The author and her husband, Duane, own and operate a 550-cow dairy in Cochranville, Pa.I recently ran into a person who told me she sets a “gratitude” alarm on her phone. Four times a day, her phone rings to alert her that it is time to be grateful.
I was not quite sure how to respond to this. Alarms are intended to wake us up, make us stop, or take notice. I never thought about setting an alarm to have grateful thoughts, but if that is her method to accomplish greater positivity and a grateful attitude, then more power to her.
Alarms have been a big part of a dairy farmer’s day since they were invented. Farmers need something to wake us up and get us moving in the morning, most times before the sun comes up.
I am no exception to this. I have used the alarm on my phone many times. Mostly it is set to make sure I wake up at the proper time in the morning. Some mornings, I will hit the snooze button and try to get a few more minutes of rest before I start the day. There are times when I wake up before my alarm goes off, but I make sure it is always set so I have that security.
When my grandson was younger, he would break into a quirky dance every time he heard a particular alarm on our phones. Of course, the family found many excuses to set our alarms, hear that ringtone, and get his reaction.
As I think about this young lady and her thankfulness monitor, I have to admit that this is the appropriate season to sit back and be aware of “gratitude alarms.” The setting of nature and animals that we work with every day make a dairy farm the perfect backdrop for alarms to go off and give us reasons to be thankful. If I pause and take notice of what is around me, the grateful radar goes off several times a day. These are a few of my favorites:
- A sunrise and sunset are the obvious ones.
- In our part of the country, the trees changing from green to various arrays of color will always make me pause and take notice.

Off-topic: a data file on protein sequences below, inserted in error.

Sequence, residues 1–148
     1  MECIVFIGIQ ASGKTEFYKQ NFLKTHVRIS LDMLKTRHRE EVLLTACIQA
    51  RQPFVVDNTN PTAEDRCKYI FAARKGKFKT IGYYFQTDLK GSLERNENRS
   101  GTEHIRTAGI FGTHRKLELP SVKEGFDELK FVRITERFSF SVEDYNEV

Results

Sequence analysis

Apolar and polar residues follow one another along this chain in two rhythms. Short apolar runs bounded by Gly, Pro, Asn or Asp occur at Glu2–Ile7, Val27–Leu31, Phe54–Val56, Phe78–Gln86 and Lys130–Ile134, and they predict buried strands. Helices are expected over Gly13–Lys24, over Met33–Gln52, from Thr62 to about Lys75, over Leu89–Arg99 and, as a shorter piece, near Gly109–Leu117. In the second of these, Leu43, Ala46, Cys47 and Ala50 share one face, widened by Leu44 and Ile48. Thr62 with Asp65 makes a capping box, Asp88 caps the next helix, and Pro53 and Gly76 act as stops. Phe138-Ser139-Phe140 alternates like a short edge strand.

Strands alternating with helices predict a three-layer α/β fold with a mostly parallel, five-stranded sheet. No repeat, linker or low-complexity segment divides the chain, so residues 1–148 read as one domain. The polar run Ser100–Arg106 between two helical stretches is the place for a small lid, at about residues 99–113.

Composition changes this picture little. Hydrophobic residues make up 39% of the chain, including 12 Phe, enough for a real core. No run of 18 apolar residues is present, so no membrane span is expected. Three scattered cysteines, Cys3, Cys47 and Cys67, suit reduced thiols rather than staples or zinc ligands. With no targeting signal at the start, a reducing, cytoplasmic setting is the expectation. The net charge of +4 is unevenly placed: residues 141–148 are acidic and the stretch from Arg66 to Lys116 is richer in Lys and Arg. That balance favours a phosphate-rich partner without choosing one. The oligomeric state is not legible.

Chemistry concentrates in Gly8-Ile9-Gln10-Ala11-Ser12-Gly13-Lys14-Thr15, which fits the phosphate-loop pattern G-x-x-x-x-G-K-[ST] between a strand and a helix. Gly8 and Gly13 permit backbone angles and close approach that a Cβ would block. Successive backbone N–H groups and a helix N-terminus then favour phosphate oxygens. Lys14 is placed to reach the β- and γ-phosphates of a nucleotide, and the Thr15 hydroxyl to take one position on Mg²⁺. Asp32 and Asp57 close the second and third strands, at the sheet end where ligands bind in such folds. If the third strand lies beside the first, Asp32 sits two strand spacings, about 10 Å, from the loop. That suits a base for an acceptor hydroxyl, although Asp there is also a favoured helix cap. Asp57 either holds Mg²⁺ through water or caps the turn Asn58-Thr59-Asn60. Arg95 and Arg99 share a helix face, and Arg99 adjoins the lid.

- The stars at night are high on my list. There is something so majestic about the nighttime sky sprinkled with stars.
- Watching a full moon rise above the fields is another eye catcher that will stop me in my tracks.
- Walking past the huge pile of feed that was harvested weeks before makes me stop and say a prayer of thanks for the silage that was brought in for the cows following the growing season.
- I always smile when I witness a newborn calf taking its first breath. After the tenth one born in a day, the thankful thoughts are not as evident, but of course, I am still grateful for the birth of a healthy calf.
These can be every day events and sometimes status quo, but they give way to the awe that the nature around us deserves. It is the simple things that I do not want to take for granted: the team of employees that show up and give us a good day’s work; the mentors that have helped Duane and me over the years; the opportunities we have had to expand and improve our business; and the beautiful animals that our farm focuses on day and night.
I am thankful for all of these things and many more, but I also know that the reality of our farms is that there are times when the alarm is hard to hear. It does not take too many years of dairy farming to realize that some years we need to dig deep in the milk pail to find and reflect on the blessings.
I had a dark time during a family situation that was extremely difficult. It happened right before Thanksgiving, which mentally made it more painful. We have a family tradition at our Thanksgiving dinner where we go around the dinner table on that special day and each of us says one thing we are thankful for. That year, I frantically searched through my angry and hurt soul to find a glimmer of thanks to speak of. It was not easy, and I am not sure that what I said was completely honest.
But we made it through that period, and I know I am stronger and I have more grit in spite of the trial. There are times that the positivity radar is weak, and that is okay. The good and the bad are part of the journey.
I know for the past few years, many of us were in that mindset. The political tension, sickness at various degrees, and uncertainty in the dairy industry took its toll.
Amazingly, in the midst of all that uncertainty, I look more to the dairy farm as the consistent grounding that brings me back to center. Our farm, the natural setting where the dairy sits, and the animals give me a daily dose of reasons to pause and be thankful.
Maybe all of the above is why I do not need to set a gratitude alarm. There are plenty of reasons around the dairy farm that ring their thanks, much more often than four times a day.